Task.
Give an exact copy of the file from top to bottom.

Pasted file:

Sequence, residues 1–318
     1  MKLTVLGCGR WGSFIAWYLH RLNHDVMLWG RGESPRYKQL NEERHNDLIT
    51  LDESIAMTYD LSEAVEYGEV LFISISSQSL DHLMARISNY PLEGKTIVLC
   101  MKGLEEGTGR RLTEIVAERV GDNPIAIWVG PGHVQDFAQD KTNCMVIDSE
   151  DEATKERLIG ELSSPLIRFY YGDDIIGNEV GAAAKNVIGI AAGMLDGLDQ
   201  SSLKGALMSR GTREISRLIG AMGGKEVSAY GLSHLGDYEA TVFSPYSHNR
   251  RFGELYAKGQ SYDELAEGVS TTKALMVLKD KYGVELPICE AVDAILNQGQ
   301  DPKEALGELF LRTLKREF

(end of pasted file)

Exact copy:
Sequence, residues 1–318
     1  MKLTVLGCGR WGSFIAWYLH RLNHDVMLWG RGESPRYKQL NEERHNDLIT
    51  LDESIAMTYD LSEAVEYGEV LFISISSQSL DHLMARISNY PLEGKTIVLC
   101  MKGLEEGTGR RLTEIVAERV GDNPIAIWVG PGHVQDFAQD KTNCMVIDSE
   151  DEATKERLIG ELSSPLIRFY YGDDIIGNEV GAAAKNVIGI AAGMLDGLDQ
   201  SSLKGALMSR GTREISRLIG AMGGKEVSAY GLSHLGDYEA TVFSPYSHNR
   251  RFGELYAKGQ SYDELAEGVS TTKALMVLKD KYGVELPICE AVDAILNQGQ
   301  DPKEALGELF LRTLKREF